Well, guys, it looks like we have another unfortunate episode of a malware scare on our hands. An illegitimate developer account in the Google Play Store has recently been uncovered, and it’s been uploading some very suspicious apps. For starters, many of the apps are total ripoffs of other people’s work. The more well-known victims include Imangi and its Temple Run game, as well as Glu Mobile and its Contract Killer Zombies.
The developer, simply named “apkdeveloper,” seems to be decompiling the APKs, injecting potentially harmfiul code, and recompiling and reuploading them to pose as legitimate games and apps in the Play Store. All of the apps have “super” at the end of their names, but the only thing super about them is the super huge list of device permissions in comparison to the legit copies of these games.
For instance, Imangi’s Temple Run only asks for full network access and the ability to perform read and write operations to storage. The infringing Temple Run Super, on the other hand, asks for all of that alongside location information, phone status and identity, access to accounts on the device, the ability to run at startup and more.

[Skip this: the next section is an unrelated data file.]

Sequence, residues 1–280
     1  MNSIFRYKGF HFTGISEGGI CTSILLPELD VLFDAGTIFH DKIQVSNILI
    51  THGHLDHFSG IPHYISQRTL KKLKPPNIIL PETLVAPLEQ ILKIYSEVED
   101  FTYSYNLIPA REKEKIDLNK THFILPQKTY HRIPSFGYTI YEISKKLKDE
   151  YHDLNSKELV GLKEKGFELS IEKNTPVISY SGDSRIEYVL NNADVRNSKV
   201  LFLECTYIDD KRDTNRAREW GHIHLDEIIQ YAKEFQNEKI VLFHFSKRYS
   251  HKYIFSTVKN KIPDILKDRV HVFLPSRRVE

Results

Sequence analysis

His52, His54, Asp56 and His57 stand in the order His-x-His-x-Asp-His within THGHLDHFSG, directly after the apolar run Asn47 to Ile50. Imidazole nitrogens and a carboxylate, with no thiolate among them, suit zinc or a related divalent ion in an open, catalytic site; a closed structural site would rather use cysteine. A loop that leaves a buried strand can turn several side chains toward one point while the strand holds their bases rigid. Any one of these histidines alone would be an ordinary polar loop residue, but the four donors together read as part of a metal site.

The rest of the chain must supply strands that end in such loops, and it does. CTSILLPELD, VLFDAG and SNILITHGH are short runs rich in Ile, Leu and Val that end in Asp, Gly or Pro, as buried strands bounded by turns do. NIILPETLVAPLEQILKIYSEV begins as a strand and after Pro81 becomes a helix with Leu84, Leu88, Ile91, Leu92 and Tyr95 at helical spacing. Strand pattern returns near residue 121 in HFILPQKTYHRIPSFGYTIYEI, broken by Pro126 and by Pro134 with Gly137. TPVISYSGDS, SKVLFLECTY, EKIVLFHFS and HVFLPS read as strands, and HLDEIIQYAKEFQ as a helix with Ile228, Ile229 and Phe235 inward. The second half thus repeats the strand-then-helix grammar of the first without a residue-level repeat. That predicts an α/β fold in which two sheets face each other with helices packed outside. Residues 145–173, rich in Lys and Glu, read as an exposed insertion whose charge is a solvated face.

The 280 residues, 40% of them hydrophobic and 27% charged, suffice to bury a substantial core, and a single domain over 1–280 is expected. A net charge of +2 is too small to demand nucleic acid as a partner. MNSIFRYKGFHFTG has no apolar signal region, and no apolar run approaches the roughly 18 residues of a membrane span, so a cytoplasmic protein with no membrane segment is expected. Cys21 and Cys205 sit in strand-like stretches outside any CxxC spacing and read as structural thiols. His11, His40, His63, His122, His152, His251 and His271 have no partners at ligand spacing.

As many are understandably afraid to install the application we’re not yet sure what the code might be capable of, but several reports suggest it delivers unwanted ads to several parts of your device. You could see an ad on the home-screen or your notification bar, for instance. And while that might not seem harmful it’s still downright annoying, obtrusive and there’s no telling what else is going on behind the scenes.
As I always say when it comes to downloading apps: be thorough. Check the name of the developer, check the reviews, check the descriptions and make sure you’re always downloading from legitimate sources. Do yourself a favor and find a few of these apps on the Play Store from your device — not to download, of course, but to report them to Google. Not only will this get the apps out of the Play Store, but Google will probably shut the developer account down entirely if it gets too many flags.
These are the unfortunate pitfalls we have to deal with on occasion if we want a more open market for downloading apps, but just as Smokey the Bear always reminds us that forest fires can be prevented, I’m here to remind you that this doesn’t have to become a bigger issue than it is.
Be safe, folks, and be sure to help some of the more oblivious Android users out by taking the time to report a few of these straight from your Android device. PS: Google, you REALLY need to implement a report link on the web version of the Play Store
[via Reddit, thanks Ashley!].